The music of pop-jazz chanteuse Norah Jones garnered seven Grammy awards Sunday night, catapulting her past crowd favorite Bruce Springsteen and his three awards for the Sept. 11-inspired “The Rising.”
As unknown as Springsteen was acclaimed before the last year, Jones won four individual Grammys while her producer, engineers and the writer of her hit “Don’t Know Why” were honored as well.
“I never ever thought that the music I made would become popular music, so this is amazing,” Jones said as she picked up an award for best pop vocal album.
She also won for best female pop vocal, best new artist and for record of the year for “Don’t Know Why,” written by Jesse Harris, who won the song of the year Grammy.
Her album, “Come Away With Me,” earned best engineered album and producer of the year honors for Arif Mardin.
The 23-year-old New Yorker, who emerged last year from obscurity after signing with the tiny Blue Note label, sold more than 6 million copies of her debut worldwide. She appeared almost overwhelmed in accepting one award from the Queen of Soul, Aretha Franklin.
Harris, who thanked Jones for “being a pal,” said backstage that he “thought for certain Bruce was going to win.”
Springsteen was clearly a favorite of the crowd inside Madison Square Garden as the Grammys returned to New York for the first time in five years.
Performing only a few miles north of ground zero, Springsteen delivered a rousing performance of the title track midway through the 45th annual award as the crowd screamed, “Bruuuuce!!!!”
The Dixie Chicks, after a bitter legal battle with their label Sony, took best country album among their three Grammys. The trio’s multiplatinum “Home,” a return to their country roots, was co-produced by member Natalie Maines’ father, Lloyd.
“I want to check the record books and see how many fathers and daughters have won Grammys together,” she said, grabbing her father.
Among the double winners were Eminem, Coldplay, India.Arie and Nelly. Eminem’s second Grammy came for best rap album, the third time he’s won in the category.
Instead of offering an acceptance speech, Eminem rattled off a list of rappers who had inspired him, including Run-DMC, LL Cool J, Tupac Shakur and the Notorious B.I.G.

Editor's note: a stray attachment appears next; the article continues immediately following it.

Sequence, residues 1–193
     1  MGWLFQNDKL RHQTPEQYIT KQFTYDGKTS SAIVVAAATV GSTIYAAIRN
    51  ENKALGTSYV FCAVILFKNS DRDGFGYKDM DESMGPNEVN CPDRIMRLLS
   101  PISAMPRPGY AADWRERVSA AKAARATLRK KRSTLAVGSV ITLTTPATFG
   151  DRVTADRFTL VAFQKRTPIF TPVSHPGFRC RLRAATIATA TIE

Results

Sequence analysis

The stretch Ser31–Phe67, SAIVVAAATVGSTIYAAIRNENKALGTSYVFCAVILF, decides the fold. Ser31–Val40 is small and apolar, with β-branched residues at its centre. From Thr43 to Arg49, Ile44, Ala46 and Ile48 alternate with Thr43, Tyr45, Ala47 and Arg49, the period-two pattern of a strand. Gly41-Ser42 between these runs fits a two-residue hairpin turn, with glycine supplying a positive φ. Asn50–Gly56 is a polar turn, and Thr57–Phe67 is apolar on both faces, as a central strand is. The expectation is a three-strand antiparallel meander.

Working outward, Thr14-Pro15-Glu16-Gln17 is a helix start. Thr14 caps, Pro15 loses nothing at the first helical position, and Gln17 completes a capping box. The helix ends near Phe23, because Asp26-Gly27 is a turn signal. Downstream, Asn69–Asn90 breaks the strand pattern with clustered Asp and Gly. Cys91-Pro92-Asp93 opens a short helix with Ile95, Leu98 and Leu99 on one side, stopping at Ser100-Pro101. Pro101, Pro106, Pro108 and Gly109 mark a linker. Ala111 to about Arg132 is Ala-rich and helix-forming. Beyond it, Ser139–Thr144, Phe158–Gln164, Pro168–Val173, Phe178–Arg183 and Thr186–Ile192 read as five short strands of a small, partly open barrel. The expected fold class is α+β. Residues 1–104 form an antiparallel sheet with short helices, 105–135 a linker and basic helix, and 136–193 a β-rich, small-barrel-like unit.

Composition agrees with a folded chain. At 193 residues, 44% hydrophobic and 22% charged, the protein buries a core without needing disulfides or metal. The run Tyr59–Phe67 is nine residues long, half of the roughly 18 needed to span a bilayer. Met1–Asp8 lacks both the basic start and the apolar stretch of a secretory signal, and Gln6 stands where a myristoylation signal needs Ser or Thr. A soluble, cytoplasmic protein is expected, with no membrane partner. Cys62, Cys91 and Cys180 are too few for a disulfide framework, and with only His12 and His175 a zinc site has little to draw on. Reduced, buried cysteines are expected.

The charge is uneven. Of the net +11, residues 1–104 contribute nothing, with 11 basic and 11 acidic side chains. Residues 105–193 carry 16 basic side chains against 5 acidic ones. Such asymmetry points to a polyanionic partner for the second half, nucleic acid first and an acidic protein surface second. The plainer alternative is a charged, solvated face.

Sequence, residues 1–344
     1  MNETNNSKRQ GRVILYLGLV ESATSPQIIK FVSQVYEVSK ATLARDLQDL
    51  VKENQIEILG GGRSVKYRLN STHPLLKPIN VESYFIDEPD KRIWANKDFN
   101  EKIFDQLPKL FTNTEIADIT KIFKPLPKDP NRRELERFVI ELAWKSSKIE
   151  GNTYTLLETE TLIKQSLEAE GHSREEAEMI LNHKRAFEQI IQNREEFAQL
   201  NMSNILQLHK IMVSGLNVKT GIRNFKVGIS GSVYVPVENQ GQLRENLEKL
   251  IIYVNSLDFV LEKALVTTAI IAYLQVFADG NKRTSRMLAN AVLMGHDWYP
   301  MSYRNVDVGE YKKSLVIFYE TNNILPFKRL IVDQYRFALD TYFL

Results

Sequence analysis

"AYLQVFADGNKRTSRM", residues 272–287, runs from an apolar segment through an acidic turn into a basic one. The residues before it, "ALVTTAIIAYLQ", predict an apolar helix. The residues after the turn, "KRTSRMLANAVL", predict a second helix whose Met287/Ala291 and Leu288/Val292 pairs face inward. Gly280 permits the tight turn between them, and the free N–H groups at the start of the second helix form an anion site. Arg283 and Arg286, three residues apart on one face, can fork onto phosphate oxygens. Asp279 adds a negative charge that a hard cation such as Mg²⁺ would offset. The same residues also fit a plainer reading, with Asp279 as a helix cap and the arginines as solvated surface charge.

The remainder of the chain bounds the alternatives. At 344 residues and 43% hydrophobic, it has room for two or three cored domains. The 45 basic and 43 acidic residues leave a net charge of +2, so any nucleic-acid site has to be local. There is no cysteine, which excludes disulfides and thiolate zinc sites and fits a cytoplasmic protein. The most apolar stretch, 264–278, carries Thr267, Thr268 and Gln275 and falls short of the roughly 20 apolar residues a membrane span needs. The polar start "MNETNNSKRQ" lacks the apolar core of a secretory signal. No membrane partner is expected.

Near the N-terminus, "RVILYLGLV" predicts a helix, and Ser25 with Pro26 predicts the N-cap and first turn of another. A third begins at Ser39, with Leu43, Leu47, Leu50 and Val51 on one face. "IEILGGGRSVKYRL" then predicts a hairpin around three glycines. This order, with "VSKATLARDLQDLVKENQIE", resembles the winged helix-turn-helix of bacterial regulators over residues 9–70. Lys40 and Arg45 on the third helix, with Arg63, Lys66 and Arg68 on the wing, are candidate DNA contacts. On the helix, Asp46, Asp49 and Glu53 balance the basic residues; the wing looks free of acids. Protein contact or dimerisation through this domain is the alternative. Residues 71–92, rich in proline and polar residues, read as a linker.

“Thank you, because I learned from all of you,” he said.
Eminem, Jones, Springsteen and Nelly were all nominated for a leading five Grammys apiece, along with perennial Grammy favorite Sheryl Crow, neosoul singer-songwriter Raphael Saadiq, teen rocker Avril Lavigne and R&B newcomer Ashanti. Saadiq, Crow and Ashanti all won one.
Country singer Alan Jackson, who wrote “Where Were You (When the World Stopped Turning)” in the weeks after the terrorist attacks, won best country song for the mournful tune.
India.Arie, who was nominated for seven Grammys last year but lost them all, finally got her first two, winning for best urban-alternative performance for “Little Things” and best R&B album for “Voyage to India.”
Among the other winners: the previously unheralded Funk Brothers. The groundbreaking house band for Motown Records, the focus of the recent documentary “Standing in the Shadows of Motown,” won two trophies.
Some other veteran artists added to bulging trophy cases: bluesman B.B. King won two, for 13 in his career, while Johnny Cash won his 11th and Tony Bennett his 10th – while soul legend Solomon Burke won his first.
“We got a Grammy, baby!” Burke said as he hoisted his Grammy.
The disc “Vaughn Williams: A Sea Symphony” garnered three awards, including best classical album.
The show opened with Dustin Hoffman – one in a revolving series of New York-based hosts – introducing a reunion performance by lifetime achievement award winners Simon and Garfunkel. The pair, who sang “The Sound of Silence,” have shared a tumultuous relationship; this was their first performance together in a decade.
Hoffman, before exiting, provided two gaffes. He mispronounced the Boss’ name as “Springstreet,” and introduced No Doubt by singing “Say Baby” – their hit is “Hey Baby.”